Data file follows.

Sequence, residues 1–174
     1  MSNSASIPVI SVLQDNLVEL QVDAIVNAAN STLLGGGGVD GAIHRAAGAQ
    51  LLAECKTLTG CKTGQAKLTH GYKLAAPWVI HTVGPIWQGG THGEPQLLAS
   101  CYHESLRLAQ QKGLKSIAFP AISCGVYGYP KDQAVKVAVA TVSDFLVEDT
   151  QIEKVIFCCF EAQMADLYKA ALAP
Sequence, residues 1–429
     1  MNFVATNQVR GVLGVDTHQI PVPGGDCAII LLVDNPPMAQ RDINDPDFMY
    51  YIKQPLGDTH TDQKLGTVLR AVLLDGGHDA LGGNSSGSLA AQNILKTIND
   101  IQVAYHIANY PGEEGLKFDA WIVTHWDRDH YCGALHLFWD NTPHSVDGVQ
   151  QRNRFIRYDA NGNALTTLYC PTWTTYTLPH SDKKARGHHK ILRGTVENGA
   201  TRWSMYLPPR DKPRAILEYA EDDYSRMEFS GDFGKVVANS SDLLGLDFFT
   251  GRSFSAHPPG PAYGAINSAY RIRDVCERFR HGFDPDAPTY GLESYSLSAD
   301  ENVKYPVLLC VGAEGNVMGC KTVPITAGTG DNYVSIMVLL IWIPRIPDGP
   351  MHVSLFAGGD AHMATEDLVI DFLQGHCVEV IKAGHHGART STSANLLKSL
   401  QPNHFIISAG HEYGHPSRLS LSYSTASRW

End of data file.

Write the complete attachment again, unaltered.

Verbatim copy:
Sequence, residues 1–174
     1  MSNSASIPVI SVLQDNLVEL QVDAIVNAAN STLLGGGGVD GAIHRAAGAQ
    51  LLAECKTLTG CKTGQAKLTH GYKLAAPWVI HTVGPIWQGG THGEPQLLAS
   101  CYHESLRLAQ QKGLKSIAFP AISCGVYGYP KDQAVKVAVA TVSDFLVEDT
   151  QIEKVIFCCF EAQMADLYKA ALAP
Sequence, residues 1–429
     1  MNFVATNQVR GVLGVDTHQI PVPGGDCAII LLVDNPPMAQ RDINDPDFMY
    51  YIKQPLGDTH TDQKLGTVLR AVLLDGGHDA LGGNSSGSLA AQNILKTIND
   101  IQVAYHIANY PGEEGLKFDA WIVTHWDRDH YCGALHLFWD NTPHSVDGVQ
   151  QRNRFIRYDA NGNALTTLYC PTWTTYTLPH SDKKARGHHK ILRGTVENGA
   201  TRWSMYLPPR DKPRAILEYA EDDYSRMEFS GDFGKVVANS SDLLGLDFFT
   251  GRSFSAHPPG PAYGAINSAY RIRDVCERFR HGFDPDAPTY GLESYSLSAD
   301  ENVKYPVLLC VGAEGNVMGC KTVPITAGTG DNYVSIMVLL IWIPRIPDGP
   351  MHVSLFAGGD AHMATEDLVI DFLQGHCVEV IKAGHHGART STSANLLKSL
   401  QPNHFIISAG HEYGHPSRLS LSYSTASRW